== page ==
The Mistress as Master: A Critical Reassessment of Plantation Women in Georgia Open Access

Margiotta, Kate (Spring 2023)

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This thesis traces the transitions of the roles of plantation mistresses in Georgia from the period 1850-1867. It interrogates the historical notion that Southern white women living on plantations were gentler, or even unaware of the severity of the institution of slavery than their male counterparts. It consists of four chapters that analyze the diaries and correspondence of three different Georgia women, Martha Battey, Dolly Lunt Burge, and Mary Jones who all lived in different regions of Georgia with different size holdings. Each chapter demonstrates how white women’s perceptions of slavery and their status as plantation mistresses changed in the years immediately preceding, during, and following the American Civil War. Ultimately, I find that  plantation mistresses were aware of the brutalities of slavery, and, in fact, they expressed many of the same sentiments as their male counterparts, including expressions of paternalism and a willingness to use violence. Additionally, they all participated directly in the southern slave economy- they were not clueless, innocent bystanders, and they certainly were not secretly opposed to an institution that their husbands, fathers, and brothers condoned and profited from. Revealing who these women really were demonstrates that we live in a world that still fails to acknowledge the depth and breadth of slavery’s mark on our nation. A system as abominable as slavery must have required the support of more than just southern white male politicians and influential planters.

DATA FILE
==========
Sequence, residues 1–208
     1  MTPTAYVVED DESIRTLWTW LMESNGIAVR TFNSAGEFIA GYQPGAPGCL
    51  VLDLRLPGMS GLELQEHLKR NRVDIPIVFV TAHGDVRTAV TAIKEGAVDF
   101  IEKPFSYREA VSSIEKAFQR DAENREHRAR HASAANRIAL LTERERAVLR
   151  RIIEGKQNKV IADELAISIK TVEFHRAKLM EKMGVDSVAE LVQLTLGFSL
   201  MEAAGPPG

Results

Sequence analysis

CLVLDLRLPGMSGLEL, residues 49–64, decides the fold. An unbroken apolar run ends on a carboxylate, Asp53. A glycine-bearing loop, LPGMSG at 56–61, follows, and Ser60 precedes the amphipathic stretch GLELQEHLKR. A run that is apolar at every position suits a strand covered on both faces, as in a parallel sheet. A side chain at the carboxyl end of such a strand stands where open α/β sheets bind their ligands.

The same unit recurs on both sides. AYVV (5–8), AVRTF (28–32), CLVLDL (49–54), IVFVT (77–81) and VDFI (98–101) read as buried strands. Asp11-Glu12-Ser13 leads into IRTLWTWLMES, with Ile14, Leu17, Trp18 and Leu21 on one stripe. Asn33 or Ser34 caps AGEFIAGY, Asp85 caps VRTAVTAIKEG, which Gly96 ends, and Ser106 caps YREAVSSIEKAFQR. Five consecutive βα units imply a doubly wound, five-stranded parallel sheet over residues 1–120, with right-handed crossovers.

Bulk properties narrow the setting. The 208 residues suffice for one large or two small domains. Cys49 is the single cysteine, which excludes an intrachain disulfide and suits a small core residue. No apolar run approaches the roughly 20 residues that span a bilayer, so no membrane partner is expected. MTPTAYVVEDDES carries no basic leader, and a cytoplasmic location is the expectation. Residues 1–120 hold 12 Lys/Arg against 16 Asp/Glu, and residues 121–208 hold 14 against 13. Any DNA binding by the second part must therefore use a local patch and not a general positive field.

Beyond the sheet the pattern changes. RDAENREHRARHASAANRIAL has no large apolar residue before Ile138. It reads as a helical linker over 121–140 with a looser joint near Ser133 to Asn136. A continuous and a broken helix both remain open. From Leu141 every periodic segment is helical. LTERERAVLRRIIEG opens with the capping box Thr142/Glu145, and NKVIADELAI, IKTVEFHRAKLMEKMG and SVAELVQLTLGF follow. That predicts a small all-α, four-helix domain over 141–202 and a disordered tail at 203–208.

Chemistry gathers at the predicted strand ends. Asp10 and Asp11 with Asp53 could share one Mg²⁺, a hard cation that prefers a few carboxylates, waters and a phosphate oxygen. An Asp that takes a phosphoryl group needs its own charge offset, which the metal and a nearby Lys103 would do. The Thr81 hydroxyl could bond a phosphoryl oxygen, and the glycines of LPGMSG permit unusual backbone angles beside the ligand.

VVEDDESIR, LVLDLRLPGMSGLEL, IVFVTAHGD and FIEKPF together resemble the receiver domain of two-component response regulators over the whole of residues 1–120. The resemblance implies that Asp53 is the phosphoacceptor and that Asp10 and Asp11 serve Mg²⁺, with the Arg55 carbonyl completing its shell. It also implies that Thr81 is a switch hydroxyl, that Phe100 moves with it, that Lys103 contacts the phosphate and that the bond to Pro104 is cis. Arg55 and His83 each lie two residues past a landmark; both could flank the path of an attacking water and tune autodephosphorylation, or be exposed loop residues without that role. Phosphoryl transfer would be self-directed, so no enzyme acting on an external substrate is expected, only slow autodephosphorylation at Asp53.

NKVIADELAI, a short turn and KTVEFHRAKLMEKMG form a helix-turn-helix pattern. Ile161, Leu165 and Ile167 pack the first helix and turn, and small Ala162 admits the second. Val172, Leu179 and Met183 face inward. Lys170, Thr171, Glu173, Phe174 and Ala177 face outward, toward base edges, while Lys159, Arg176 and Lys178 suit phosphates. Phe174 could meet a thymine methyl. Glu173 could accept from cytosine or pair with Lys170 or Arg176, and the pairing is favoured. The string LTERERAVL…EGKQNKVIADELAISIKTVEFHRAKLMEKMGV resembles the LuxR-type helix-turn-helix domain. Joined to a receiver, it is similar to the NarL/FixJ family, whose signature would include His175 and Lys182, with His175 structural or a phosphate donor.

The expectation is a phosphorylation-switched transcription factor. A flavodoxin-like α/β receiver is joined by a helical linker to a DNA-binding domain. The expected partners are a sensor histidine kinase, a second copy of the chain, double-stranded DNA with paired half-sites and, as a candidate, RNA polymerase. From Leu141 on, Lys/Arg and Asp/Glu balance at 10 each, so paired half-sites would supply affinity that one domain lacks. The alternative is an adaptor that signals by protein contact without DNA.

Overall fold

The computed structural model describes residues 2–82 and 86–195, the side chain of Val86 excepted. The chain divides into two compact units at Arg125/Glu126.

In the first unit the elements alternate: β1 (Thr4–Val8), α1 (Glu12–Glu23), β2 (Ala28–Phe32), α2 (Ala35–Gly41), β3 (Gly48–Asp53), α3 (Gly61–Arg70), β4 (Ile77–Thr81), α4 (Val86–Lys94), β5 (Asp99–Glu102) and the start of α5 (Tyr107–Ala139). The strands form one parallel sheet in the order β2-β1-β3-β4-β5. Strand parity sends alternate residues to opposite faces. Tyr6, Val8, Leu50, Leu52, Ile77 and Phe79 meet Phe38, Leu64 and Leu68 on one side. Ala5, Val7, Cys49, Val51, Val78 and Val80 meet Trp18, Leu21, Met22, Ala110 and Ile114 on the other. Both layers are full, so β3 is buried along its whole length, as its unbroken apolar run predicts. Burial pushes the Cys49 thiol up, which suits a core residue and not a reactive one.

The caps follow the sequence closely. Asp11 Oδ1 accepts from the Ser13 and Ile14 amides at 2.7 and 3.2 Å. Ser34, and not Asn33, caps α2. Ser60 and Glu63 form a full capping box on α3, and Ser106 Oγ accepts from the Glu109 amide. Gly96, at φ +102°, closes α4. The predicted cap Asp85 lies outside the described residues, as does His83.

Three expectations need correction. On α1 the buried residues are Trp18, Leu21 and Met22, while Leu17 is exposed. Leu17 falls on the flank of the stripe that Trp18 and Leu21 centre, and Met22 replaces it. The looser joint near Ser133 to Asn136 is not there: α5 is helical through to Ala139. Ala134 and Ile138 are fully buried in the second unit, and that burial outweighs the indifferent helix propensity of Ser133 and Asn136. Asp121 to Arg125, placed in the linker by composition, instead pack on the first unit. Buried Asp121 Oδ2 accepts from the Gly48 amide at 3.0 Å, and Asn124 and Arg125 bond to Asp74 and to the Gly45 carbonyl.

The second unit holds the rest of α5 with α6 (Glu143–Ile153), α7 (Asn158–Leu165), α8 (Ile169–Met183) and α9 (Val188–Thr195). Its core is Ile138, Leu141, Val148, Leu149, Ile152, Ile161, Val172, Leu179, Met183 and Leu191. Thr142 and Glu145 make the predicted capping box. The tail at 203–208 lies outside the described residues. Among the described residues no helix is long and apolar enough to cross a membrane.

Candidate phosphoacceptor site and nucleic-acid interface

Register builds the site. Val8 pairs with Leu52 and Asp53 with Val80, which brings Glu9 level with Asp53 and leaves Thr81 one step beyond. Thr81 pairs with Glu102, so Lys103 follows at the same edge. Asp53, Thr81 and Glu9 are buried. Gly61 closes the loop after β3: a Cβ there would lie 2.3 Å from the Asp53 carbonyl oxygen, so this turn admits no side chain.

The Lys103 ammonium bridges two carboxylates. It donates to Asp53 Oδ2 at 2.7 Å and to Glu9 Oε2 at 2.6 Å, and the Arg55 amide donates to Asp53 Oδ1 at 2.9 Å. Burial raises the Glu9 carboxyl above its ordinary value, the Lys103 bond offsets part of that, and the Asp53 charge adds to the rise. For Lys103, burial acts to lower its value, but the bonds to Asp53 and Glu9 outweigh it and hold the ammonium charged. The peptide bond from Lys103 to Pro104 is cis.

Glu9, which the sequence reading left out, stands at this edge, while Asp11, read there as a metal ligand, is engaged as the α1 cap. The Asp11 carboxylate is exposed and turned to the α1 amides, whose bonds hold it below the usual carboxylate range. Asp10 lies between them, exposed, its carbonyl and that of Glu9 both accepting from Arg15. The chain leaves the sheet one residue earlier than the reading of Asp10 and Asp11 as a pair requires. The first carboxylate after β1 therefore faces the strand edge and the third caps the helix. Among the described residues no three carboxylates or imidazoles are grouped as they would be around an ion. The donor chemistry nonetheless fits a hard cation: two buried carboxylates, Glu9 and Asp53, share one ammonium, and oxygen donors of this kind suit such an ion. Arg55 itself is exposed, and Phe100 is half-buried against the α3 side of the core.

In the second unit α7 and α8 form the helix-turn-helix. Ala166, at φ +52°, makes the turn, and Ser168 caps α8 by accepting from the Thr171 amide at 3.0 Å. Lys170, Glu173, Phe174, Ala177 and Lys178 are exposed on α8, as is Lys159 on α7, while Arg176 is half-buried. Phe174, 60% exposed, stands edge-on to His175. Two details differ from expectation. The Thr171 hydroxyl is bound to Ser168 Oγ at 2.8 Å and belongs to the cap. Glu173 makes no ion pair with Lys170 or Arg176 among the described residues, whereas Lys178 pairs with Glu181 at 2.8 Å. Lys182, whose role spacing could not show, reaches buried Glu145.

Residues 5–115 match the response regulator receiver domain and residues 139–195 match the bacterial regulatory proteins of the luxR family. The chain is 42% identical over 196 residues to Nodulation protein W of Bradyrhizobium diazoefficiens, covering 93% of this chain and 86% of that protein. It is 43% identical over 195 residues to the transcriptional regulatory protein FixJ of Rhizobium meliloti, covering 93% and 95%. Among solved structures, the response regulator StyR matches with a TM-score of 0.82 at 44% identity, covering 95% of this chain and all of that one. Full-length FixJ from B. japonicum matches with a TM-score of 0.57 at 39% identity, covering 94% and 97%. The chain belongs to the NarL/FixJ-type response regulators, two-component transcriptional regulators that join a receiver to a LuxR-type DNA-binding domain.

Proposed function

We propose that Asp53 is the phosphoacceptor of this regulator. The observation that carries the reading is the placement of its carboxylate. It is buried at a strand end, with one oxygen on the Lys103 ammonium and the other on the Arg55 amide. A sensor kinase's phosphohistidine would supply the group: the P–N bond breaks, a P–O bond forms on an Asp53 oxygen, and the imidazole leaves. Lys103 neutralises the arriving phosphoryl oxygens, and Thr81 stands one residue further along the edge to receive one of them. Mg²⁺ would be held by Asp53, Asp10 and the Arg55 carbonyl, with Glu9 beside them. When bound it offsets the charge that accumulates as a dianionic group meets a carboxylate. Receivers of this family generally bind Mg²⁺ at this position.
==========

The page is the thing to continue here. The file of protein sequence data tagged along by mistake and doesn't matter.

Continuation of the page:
Table of Contents

Introduction: 1

Chapter 1: Life in the Antebellum Old South 8

I. Ideology in the Old South 8

II. The Importance of Religion and the Second Great Awakening 8

III. Historiographical Approaches to the Role of Women in the Old South: Silence, Scrutiny, Violence 13

IV. Widespread Culturally Ingrained Practices 15

Chapter 2: Before The War 17

I. Antebellum Political Climate 17

II. Women in Antebellum Georgia 18

III. Language Used to Describe the People They Enslaved 22

IV. Political Awareness 25

Chapter 3: The War 30

I. Historical Context: Beginnings of the War 30

II. Descriptions of the War from the Home & Shifting Roles: 31

III. Mistresses’ Relationships to the People They Enslaved: Self-Deception Begins to Change: 35

Chapter 4: After the War 42

I. Historical Context 43

II. A New Life 44

III. A New Life, Though Similar to the Old 48

Conclusion: 51

Bibliography 54

Primary Sources: 54

Secondary Sources: 54

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